Ron Klain, the president’s chief of staff, attended Thursday’s meeting with Senate Democrats and has been engaged in court politics for decades. He was Mr. Biden’s counsel on the Judiciary Committee during the 1991 showdown over the Thomas nomination, and he was a top court adviser to Presidents Bill Clinton and Barack Obama.
Given the backgrounds of Mr. Biden and Mr. Klain, it is no surprise that administration officials say planning to fill a Supreme Court vacancy has been underway since the transition from the Trump administration. Once Mr. Biden took office, his inner circle began laying the groundwork for a possible replacement that would fulfill his campaign promise to nominate a Black woman to the high court. Eight of Mr. Biden’s first 16 nominees to federal appeals courts were also Black women.
Mr. Biden and his team seem intent on restoring a measure of bipartisanship and dignity to the Supreme Court confirmation process — a goal some Republicans say they share.
The president and Dana Remus, the White House counsel, have been diligently sounding out Republicans on their thoughts. “I’m serious when I say it that I want the advice of the Senate as well as the consent,” Mr. Biden said at a meeting with Mr. Grassley and Mr. Durbin.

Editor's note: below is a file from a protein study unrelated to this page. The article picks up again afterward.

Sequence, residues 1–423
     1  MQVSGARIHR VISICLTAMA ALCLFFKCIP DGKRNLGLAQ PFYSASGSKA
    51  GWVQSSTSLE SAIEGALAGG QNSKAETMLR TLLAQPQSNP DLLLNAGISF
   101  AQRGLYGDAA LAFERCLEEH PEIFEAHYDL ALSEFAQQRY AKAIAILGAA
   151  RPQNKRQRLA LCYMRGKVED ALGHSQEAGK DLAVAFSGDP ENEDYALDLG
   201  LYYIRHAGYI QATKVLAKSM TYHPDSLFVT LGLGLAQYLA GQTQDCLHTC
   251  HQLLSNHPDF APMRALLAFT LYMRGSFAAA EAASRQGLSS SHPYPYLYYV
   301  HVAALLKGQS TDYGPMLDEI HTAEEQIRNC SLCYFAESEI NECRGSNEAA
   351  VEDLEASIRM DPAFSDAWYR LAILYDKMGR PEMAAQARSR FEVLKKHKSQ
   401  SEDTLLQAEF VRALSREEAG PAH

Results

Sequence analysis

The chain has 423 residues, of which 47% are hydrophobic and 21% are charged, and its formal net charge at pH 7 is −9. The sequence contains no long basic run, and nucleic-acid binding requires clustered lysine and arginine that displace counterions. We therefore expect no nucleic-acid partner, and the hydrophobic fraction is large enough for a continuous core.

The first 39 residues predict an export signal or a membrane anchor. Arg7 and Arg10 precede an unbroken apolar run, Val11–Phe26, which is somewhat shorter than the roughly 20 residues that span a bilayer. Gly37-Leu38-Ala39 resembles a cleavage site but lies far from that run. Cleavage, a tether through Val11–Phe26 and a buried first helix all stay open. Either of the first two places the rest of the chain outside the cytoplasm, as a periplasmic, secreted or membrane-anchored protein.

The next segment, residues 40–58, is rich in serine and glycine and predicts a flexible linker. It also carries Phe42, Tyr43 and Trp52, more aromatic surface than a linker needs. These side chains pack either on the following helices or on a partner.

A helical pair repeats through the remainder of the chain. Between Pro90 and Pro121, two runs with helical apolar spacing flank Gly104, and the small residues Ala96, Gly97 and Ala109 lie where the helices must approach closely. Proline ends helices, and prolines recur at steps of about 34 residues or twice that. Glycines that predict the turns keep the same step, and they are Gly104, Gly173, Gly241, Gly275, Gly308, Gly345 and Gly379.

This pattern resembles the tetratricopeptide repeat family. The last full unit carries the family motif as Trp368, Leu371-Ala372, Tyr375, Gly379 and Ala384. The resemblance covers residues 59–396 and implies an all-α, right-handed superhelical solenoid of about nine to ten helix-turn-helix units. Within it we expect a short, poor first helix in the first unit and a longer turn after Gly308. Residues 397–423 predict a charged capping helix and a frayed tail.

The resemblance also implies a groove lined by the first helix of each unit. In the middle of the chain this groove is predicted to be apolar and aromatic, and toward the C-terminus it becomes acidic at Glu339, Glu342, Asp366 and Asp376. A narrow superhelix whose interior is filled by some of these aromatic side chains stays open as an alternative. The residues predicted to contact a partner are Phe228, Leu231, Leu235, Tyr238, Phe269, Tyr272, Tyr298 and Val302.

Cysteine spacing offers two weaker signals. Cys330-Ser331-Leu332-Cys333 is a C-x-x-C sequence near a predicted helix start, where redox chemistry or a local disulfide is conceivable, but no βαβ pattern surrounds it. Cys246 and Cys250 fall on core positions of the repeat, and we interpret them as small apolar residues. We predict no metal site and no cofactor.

Republicans say the key to drawing their support will not be in the outreach, but in the nominee herself. Senator Lindsey Graham, Republican of South Carolina, said the president could make a selection in line with the moderate image he emphasized in his campaign — or he could move to the left and risk losing the backing of most Republicans. Mr. Graham is a leading voice in support of a Federal District Court judge from his state, J. Michelle Childs.
“If you want 60 or more votes, you go with her,” Mr. Graham said of Judge Childs. “If you want to play the politics of the left, you go with somebody else.”
Also believed to be on Mr. Biden’s short list is Judge Ketanji Brown Jackson, a former clerk for Justice Breyer who won the support of Mr. Graham and two other Republican senators when Mr. Biden elevated her last year from a district court seat to the U.S. Court of Appeals for the District of Columbia Circuit. Another prospective candidate is Justice Leondra R. Kruger of the California Supreme Court, who served in the Obama administration and has many of the qualifications typical of nominees.